The Fernie Museum presents the valley’s history through a unique audio/visual program called Fernie Faces, featured in its main floor exhibit, This is Our Fernie. Through five historic characters Fernie’s fascinating growth is chronicled. This article features Michael Phillipps, who though in search of gold was the first to discover coal, coal and more coal in the Elk Valley.
Michael Phillipps was the type of character whom novels and TV westerns should be modelled after. The son of a Herefordshire parson, he first saw the valley of the East Kootenay in 1866. Until his death in June, 1916, he was a legend, and he still is, in the East Kootenay.
Michael Phillipps arrived in Victoria in 1862, at 19 years old, to work as a factor for the Hudson’s Bay Company at Fort Kootenai, five miles south of the 49th parallel. There he became acquainted with the local Ktunaxa, learning their culture and becoming quite fluent with the language. Ktunaxa was the only language spoken in his home in later days.
In 1866 Phillipps married Rowena, daughter of a Tobacco Plains chief David, becoming one of the early pioneer families. Together, with their family, they operated a large ranch a half mile north of the U.S. border.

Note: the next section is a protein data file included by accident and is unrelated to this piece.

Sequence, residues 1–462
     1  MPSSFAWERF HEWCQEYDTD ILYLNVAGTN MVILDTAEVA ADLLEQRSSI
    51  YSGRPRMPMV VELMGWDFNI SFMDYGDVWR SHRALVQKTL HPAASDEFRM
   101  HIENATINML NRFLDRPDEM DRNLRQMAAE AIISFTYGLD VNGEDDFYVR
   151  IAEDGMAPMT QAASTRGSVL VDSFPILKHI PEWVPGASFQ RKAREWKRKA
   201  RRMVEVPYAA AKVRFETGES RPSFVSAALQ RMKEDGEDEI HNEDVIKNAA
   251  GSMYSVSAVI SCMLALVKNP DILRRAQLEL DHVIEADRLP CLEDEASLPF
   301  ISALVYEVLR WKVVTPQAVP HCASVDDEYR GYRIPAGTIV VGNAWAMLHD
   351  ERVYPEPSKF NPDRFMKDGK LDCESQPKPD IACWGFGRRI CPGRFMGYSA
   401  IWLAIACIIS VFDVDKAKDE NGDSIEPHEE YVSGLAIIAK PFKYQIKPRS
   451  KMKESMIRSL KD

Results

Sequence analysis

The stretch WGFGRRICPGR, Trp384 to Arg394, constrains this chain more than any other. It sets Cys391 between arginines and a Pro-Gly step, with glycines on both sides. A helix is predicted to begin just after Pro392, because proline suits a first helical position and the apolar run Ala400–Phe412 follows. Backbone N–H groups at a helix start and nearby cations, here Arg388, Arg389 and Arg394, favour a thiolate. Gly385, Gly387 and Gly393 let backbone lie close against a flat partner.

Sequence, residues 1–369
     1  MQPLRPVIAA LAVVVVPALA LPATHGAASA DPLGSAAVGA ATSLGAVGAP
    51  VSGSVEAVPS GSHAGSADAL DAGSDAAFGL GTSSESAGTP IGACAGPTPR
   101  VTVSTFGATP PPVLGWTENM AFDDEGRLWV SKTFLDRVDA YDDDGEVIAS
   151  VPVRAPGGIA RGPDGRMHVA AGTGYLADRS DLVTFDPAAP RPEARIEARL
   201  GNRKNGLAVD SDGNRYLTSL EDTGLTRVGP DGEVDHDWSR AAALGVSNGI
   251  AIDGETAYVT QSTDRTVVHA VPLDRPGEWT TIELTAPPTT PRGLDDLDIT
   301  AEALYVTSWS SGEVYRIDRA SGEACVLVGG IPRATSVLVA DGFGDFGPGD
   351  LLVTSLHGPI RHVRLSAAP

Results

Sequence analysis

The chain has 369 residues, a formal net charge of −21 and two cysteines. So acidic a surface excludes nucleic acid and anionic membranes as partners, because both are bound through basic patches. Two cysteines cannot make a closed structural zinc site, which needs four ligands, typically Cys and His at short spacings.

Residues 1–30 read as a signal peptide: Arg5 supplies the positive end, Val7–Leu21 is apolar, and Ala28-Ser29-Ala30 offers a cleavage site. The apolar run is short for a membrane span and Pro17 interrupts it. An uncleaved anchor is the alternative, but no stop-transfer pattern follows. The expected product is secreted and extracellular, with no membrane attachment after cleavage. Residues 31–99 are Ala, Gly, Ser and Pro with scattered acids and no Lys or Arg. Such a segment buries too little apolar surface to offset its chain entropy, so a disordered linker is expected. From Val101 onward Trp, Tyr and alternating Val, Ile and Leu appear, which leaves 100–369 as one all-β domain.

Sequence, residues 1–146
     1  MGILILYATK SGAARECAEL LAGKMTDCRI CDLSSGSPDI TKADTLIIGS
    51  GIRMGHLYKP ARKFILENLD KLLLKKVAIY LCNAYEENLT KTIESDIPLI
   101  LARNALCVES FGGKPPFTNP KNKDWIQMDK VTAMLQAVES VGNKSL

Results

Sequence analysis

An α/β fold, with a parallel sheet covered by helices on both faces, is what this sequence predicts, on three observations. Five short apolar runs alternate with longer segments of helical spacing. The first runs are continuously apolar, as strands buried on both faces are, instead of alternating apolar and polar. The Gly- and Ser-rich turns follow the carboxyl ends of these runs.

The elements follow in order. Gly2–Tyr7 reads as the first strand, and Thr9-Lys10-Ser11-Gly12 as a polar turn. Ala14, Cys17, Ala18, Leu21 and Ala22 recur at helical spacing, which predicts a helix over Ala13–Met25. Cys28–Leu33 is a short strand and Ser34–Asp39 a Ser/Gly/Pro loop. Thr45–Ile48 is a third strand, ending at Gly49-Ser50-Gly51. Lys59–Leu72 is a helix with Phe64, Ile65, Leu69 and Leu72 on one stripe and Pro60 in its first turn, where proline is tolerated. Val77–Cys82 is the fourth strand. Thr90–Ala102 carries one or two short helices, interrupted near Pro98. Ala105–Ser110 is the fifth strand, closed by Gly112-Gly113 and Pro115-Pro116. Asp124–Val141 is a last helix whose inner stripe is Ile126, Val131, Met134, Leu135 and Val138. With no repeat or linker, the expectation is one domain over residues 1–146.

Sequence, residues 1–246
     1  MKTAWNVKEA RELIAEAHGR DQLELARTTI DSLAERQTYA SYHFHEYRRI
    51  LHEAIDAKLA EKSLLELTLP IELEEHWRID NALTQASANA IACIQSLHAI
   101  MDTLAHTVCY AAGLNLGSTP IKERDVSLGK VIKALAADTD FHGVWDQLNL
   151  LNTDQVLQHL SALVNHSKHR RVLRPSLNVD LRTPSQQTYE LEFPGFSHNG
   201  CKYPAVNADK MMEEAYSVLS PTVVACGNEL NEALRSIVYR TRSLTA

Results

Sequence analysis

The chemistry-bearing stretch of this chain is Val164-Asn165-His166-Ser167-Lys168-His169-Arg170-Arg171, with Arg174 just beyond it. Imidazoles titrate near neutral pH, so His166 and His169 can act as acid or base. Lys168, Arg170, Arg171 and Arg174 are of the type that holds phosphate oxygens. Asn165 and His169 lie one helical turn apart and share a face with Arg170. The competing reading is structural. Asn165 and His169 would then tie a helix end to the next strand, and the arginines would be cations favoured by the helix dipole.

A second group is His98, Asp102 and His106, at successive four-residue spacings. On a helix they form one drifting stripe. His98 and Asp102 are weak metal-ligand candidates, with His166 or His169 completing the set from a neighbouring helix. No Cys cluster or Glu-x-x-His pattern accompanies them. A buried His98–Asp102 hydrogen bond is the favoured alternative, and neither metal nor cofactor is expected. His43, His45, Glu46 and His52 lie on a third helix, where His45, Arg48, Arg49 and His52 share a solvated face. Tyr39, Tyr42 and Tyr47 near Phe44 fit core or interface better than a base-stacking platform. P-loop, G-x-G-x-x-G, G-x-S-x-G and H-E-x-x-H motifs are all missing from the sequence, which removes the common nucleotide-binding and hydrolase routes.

Michael Phillipps, along with companion John Collins, first explored the upper waters of the Elk River in 1873 and were the first Europeans to discover the Crowsnest Pass, the only pass in the Canadian Rockies discovered from the west traveling eastward. Sent to prospect for gold, they found none, instead finding coal in every drainage.
The next summer Phillipps, with companions Jim Morrissey and others, travelled up the valley again. The first crossing of the Elk River, south of Morrissey, gave them some idea of the difficulty of travelling during high water. Steering a huge log raft with over 1,000 lbs. of supplies was no easy matter in the wild swift waters. They travelled nearly half a mile below their launch site before landing on the east side. The group camped at a creek and explored it bringing out some of the coal. The creek was named after Jim Morrissey. Proceeding north, the group travelled as far as the next large creek – which they gave the name Coal Creek. It would be almost 20 years before the first mine would begin operations in the area.
During his life in the Fernie area, Phillipps worked as an Indian Agent, trapper, postmaster, rancher, magistrate, among other things. Leading a long and productive life, his legacy continues in the modern Phillipps family, prominent members of the Ktunaxa and Fernie communities.
To learn more about Fernie’s colourful past come explore the exhibit, This Is Our Fernie, at the Fernie Museum. Open every day from 10 am to 5:30 pm at 491 Second Ave.
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